The barren, weather-eroded desert lands of Western Australia are rich in iron-oxides, a ready source of ochre colors for sacred art. Over tens of thousands of years, indigenous peoples stained the bones of their dead with red ochre, told “Dreaming’ stories about their cosmic origins in ochre paintings on rock and wood, and daubed ochre paint on their bodies for ritual ceremonies.
Set against this timeline, Aboriginal sacred art retelling the great narratives of Christianity in paintings with ochre-based pigments is still in its infancy, but this new genre, mixing cultures, beliefs, and artistic traditions, has found skilled practitioners in Shirley Purdie and her daughter, Madelene. Along with Madigan Thomas, their mother and grandmother, they represent something of an artistic matriarchy among the Kitja (Gidja) people, settled around the town of Warum (Turkey Creek) near the eastern boundary of the Kimberley region in Northwestern Australia.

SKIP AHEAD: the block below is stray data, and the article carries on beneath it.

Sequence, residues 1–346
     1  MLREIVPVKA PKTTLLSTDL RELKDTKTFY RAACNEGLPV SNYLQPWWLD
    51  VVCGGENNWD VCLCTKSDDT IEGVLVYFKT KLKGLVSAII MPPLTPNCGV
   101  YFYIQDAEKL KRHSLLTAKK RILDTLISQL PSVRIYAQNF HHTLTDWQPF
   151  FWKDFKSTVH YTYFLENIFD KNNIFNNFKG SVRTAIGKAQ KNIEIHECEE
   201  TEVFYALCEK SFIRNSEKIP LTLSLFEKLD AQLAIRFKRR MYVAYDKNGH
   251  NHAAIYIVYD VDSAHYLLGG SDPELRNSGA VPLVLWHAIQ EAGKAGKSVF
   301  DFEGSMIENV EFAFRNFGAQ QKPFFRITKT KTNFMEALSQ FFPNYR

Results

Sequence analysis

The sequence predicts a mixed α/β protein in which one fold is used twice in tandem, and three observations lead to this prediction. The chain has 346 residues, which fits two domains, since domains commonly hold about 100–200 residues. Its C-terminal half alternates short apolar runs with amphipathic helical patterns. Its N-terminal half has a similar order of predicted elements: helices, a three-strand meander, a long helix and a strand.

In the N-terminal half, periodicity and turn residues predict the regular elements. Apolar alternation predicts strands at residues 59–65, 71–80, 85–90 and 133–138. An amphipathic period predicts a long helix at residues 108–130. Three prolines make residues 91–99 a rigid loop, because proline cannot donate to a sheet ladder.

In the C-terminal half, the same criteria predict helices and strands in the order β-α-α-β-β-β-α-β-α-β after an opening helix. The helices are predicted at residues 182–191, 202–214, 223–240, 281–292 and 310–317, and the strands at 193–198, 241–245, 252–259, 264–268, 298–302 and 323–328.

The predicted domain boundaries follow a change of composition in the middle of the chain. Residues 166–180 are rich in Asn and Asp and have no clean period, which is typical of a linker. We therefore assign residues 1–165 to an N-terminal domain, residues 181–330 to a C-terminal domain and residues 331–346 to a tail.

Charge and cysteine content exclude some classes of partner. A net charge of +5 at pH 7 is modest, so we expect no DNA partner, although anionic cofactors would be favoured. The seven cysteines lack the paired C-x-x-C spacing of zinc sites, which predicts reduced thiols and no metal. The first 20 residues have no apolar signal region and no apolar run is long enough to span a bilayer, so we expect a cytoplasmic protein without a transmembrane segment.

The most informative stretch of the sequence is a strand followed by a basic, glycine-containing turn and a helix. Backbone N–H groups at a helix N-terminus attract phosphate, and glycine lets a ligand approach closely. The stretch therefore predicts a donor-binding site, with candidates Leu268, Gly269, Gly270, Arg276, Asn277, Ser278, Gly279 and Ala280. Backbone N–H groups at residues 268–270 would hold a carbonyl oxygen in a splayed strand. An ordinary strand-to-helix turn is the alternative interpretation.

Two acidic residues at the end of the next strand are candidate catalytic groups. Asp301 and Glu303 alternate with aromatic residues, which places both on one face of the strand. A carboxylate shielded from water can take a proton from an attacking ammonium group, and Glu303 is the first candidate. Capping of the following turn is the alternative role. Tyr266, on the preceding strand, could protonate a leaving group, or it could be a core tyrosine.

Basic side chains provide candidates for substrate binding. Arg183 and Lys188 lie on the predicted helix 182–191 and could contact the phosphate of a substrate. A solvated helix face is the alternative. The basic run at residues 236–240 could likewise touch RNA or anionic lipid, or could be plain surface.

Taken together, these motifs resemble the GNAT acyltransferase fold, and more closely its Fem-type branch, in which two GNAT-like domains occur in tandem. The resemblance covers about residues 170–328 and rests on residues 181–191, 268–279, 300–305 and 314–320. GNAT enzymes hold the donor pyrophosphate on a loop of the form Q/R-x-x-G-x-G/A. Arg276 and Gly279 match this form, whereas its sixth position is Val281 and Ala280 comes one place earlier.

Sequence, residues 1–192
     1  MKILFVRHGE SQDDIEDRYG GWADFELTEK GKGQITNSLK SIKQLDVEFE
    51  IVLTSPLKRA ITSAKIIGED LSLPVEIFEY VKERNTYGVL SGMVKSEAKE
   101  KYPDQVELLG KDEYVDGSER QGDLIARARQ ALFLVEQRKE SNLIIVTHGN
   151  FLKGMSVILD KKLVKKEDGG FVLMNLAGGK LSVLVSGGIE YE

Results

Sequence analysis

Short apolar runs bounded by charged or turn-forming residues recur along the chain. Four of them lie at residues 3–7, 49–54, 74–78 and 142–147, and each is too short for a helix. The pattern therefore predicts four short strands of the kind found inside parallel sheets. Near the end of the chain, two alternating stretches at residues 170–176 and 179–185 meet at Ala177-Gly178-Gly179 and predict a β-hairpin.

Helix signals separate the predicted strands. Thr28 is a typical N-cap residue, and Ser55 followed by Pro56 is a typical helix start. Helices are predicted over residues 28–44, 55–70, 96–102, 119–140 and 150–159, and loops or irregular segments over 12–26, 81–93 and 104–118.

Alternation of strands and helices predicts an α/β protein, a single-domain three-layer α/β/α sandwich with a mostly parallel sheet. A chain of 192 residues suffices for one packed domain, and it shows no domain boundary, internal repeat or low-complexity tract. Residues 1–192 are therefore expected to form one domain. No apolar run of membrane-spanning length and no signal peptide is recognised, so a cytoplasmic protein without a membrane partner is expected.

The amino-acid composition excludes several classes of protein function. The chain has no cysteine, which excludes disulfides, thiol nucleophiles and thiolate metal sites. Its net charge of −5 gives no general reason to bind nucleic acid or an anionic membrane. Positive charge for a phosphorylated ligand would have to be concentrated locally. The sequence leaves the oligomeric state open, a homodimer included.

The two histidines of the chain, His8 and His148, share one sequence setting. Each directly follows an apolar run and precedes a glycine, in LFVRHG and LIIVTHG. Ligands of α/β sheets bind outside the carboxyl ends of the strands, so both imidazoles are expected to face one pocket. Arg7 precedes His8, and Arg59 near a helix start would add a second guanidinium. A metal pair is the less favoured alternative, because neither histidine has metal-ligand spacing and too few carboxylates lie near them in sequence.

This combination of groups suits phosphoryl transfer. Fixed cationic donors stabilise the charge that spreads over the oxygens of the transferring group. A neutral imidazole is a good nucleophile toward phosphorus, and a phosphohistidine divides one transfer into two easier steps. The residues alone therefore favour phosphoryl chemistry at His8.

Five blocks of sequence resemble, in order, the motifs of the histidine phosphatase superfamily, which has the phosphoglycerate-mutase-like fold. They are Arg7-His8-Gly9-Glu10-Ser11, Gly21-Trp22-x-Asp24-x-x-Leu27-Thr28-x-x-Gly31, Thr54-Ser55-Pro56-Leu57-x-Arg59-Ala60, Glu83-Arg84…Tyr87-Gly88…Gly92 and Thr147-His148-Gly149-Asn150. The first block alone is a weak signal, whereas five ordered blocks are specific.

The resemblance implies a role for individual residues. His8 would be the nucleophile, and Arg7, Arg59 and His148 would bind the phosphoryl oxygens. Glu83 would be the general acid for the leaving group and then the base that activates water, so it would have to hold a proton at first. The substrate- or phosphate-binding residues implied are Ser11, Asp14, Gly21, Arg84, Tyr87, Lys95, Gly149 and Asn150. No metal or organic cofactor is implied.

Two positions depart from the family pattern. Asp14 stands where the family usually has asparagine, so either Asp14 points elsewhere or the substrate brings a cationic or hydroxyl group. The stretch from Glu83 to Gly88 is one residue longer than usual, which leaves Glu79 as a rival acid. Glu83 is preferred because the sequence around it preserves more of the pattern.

The Kitja people of Warum have particularly close ties to the Roman Catholic Sisters of Saint Joseph, who established the Ngalangangpum Community School in the 1970s with the blessings of Kitja leaders to educate Aboriginal children, according to the “Two-Way” principle. Pupils study the Bible and Aboriginal Ngarrangkarni (Dreaming) narratives, learning Catholic dogma in the context of traditional Kitja beliefs. Shirley and Madelene Purdie have come to play an important part in this enriching, cross-cultural spiritual interchange though their imaginative translations of biblical themes into the symbolic language of ancient Aboriginal art.
The figurative cycle in Madelene’s Stations of the Cross conforms to the traditional European practice of showing Christ at 14 separate moments along the way to Calvary and adds a 15th image of the Resurrection, also in keeping with contemporary Western treatments of the theme. The overall composition with its amoebic-shaped narrative panels, bordered by white, black, and yellow dots, and those beautifully undulating stripes of brown, gold, and rust, so suggestive of the rugged landscape of the Kimberley region, is rooted in Kitja styles of ochre painting.
In taking on the Stations of the Cross, Madelene was following the lead of her mother, Shirley, whose treatment of the same subject was honored in 2007 with the Blake Prize for Religious Art, an Australian award for achievements in art dealing with spiritual themes.